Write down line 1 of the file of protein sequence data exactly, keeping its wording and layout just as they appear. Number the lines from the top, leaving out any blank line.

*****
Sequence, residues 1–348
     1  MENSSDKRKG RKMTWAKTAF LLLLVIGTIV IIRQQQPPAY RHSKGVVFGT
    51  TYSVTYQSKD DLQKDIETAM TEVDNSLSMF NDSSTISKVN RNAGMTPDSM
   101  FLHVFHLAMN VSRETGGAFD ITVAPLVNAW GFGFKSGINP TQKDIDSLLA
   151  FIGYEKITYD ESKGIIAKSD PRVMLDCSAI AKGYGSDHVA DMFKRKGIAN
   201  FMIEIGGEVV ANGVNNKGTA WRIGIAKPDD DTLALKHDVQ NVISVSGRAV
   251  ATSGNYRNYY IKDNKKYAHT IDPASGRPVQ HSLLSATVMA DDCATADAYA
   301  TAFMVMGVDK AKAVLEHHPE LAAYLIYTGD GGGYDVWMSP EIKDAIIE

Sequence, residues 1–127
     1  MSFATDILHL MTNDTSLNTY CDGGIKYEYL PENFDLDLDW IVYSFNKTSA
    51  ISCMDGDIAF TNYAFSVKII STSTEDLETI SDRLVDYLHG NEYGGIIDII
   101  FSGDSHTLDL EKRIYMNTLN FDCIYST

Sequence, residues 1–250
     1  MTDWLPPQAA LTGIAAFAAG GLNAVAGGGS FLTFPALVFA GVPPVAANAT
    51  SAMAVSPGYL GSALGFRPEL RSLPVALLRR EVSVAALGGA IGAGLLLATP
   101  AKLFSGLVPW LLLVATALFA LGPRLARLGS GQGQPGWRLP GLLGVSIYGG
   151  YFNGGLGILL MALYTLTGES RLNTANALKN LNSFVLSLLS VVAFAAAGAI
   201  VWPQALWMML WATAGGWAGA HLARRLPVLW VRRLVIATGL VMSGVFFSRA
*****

Sequence, residues 1–348